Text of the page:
Stir and fear after being ripped off from their motherland
Romanian website Ziare.com published a documentary explaining the difficulties which had to be experienced by the Romanians from Bessarabia (now Republic of Moldova) in the former Soviet Union right after the Second World War.
At the end of the War, the Romanian Bessarabians were looking with fear at the Soviet flag waving once again on their ground. Many decided to fight against the Great Empire.
The criminal policies put in practice by the Soviet Government left a deep scar in the Bessarabians’ conscience. Along the occupation period, the coordinated relegations of the secret police sprang huge sorrow.
When the Soviet troops were heading on, a large number of Bessarabians began to leave their homeland in order to avoid entering the Communist regime again. According to some statistics, a couple of thousand of people fled to the other side of Prut River in today Romania.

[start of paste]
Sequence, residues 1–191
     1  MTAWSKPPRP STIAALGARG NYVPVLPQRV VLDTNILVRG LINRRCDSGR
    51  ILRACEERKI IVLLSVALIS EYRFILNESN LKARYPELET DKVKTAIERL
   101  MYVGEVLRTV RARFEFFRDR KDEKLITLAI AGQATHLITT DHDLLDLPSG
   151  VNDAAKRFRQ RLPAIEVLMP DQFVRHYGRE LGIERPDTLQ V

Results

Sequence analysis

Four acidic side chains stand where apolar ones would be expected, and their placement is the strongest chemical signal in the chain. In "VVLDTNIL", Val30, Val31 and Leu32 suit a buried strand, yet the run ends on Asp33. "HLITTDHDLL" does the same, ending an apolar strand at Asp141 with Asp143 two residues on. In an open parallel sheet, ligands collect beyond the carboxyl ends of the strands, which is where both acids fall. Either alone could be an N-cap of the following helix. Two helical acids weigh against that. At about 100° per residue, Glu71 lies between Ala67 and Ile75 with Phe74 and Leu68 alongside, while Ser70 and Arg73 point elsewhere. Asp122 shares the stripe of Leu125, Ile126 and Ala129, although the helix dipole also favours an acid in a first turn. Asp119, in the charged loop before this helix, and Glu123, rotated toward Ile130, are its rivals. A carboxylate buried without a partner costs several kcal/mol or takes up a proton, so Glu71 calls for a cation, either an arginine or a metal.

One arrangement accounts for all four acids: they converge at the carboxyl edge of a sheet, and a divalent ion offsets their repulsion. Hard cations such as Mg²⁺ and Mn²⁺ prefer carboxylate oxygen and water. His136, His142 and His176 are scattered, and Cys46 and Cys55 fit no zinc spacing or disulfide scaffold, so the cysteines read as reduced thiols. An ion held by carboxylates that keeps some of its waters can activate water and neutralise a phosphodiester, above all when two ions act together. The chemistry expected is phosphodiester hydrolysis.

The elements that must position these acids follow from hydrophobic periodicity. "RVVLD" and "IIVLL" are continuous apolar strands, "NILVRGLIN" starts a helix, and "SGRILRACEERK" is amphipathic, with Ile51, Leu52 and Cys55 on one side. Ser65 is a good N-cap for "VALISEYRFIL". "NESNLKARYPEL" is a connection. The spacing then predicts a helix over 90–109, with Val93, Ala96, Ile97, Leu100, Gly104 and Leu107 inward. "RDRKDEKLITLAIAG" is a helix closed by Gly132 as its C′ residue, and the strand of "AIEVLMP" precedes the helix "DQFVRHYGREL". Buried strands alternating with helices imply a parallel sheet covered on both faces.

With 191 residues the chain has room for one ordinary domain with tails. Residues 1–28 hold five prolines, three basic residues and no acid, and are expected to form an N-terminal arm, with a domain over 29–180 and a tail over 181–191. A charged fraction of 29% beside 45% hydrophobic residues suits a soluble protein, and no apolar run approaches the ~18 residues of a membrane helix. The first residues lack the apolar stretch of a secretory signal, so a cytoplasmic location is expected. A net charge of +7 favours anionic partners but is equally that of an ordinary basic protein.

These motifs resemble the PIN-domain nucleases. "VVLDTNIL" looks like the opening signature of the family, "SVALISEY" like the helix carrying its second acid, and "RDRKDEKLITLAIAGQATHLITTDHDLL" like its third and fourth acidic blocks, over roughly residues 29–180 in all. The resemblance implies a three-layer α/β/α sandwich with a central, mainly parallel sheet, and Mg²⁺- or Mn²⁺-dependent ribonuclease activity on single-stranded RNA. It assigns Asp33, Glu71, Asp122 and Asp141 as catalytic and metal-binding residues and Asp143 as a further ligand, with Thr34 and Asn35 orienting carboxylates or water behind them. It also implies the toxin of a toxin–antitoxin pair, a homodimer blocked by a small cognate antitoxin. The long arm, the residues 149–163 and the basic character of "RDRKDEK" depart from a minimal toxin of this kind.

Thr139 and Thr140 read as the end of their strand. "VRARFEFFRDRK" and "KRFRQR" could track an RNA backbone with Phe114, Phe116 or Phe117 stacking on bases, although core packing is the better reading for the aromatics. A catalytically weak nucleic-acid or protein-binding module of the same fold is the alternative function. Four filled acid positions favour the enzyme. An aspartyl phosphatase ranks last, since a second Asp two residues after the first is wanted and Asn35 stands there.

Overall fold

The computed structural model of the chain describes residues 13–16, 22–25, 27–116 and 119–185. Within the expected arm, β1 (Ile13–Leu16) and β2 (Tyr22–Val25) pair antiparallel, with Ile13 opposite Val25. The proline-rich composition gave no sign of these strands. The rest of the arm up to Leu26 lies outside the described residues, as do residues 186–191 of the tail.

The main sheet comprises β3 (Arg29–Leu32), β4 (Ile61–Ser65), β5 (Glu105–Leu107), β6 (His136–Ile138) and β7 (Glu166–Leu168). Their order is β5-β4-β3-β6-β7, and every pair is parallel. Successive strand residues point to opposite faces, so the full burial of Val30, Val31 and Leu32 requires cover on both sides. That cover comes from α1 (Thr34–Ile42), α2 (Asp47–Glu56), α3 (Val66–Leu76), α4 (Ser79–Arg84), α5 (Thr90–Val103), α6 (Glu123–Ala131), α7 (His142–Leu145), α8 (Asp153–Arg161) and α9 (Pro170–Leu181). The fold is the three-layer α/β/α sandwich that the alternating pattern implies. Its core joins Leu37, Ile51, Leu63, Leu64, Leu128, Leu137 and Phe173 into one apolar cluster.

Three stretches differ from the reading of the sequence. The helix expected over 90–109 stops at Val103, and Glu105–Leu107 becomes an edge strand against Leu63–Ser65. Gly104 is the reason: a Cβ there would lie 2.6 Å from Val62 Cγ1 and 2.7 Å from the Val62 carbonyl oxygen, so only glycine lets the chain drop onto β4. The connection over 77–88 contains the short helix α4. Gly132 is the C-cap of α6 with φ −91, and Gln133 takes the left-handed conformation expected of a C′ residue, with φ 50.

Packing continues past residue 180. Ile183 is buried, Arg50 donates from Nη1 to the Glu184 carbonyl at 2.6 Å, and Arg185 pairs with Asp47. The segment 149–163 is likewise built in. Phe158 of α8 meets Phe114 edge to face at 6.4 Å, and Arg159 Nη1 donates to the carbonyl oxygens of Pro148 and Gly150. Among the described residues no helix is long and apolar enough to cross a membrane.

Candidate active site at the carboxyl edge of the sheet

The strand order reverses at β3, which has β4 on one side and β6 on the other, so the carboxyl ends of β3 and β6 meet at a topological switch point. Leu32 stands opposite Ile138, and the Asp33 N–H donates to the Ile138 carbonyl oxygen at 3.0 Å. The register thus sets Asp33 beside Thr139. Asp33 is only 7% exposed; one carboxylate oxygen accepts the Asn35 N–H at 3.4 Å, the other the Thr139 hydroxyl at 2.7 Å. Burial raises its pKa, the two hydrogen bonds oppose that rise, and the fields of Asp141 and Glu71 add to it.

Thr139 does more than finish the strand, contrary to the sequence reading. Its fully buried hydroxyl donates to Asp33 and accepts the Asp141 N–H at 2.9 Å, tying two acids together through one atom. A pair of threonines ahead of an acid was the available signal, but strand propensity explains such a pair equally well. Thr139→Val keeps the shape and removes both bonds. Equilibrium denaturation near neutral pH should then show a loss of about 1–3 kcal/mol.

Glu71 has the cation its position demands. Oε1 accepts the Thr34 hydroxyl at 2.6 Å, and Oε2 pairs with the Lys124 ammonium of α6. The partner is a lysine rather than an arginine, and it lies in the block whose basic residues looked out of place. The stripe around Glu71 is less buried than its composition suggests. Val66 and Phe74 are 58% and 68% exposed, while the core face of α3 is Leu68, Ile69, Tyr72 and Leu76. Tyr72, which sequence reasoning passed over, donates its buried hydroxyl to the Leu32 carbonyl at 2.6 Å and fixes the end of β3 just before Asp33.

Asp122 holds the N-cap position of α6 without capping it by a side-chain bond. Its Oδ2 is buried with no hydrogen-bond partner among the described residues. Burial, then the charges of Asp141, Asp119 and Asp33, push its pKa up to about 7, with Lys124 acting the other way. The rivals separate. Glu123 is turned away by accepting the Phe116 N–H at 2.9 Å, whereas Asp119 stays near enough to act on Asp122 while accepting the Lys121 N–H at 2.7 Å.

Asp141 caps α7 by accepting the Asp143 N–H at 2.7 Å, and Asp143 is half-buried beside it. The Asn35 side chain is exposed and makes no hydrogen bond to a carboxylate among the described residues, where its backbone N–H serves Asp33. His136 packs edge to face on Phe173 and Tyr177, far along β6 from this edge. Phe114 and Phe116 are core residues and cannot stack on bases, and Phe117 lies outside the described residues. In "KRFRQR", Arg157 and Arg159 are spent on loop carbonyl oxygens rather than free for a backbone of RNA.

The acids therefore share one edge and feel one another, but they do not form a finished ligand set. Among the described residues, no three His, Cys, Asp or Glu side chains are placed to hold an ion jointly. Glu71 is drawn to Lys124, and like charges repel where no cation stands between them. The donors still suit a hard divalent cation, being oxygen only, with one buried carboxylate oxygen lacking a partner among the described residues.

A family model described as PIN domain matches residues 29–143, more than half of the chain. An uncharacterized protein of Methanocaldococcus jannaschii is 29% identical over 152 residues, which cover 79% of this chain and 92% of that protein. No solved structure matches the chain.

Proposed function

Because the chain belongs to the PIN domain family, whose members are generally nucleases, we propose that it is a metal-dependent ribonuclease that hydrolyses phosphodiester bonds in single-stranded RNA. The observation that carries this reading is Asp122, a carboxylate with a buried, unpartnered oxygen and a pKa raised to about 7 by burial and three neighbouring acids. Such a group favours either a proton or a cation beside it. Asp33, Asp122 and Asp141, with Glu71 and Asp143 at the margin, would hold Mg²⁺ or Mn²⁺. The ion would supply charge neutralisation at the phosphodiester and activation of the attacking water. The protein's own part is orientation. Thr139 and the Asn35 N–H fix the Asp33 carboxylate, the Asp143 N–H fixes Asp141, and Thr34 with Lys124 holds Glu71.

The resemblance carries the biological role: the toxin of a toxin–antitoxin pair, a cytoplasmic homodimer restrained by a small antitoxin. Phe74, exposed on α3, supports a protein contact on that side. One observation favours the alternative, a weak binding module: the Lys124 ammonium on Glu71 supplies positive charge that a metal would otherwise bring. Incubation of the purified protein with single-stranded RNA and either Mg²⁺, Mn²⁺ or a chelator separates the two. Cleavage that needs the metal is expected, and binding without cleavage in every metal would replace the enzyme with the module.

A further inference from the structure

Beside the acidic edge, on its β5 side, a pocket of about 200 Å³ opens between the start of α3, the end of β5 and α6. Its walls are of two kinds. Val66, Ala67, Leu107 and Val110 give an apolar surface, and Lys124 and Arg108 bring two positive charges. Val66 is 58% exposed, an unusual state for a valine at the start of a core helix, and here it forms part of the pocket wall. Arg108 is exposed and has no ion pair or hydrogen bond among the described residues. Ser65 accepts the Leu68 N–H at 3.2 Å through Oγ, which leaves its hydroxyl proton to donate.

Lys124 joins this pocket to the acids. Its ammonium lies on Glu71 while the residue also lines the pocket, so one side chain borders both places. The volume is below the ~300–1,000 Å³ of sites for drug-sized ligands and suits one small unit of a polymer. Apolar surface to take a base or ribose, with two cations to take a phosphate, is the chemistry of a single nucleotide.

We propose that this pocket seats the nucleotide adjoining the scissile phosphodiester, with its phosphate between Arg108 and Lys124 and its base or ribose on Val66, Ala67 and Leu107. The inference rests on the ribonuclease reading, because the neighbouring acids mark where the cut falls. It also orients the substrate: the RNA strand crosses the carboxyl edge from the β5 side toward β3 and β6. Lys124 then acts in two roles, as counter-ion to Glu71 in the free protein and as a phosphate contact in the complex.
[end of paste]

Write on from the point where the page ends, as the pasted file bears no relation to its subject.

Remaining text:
On August 23, 1944, Romania officially lost Bessarabia, a significant Romanian territory, which became part of the Soviet Union. In the following years, the USSR starts building a communist conscience trying to erase any Romanian national conscience and identity. The language, the faith and the culture were the ones affected. In attempts to stop any opposition, the Communist regime applied violence to those against the running leadership.
The hostile climate could not be much tolerated and movements of opponency began. USSR found the ‘solution’ to those features which were barriers of their ‘emancipation stream’. More than 40,000 people were deported on July 5-6, 1949, meaning roughly 11,000 families, while 7,000 were peasant families. After years of hard work in Siberia, some Bessarabians returned, some survived there, while others did not.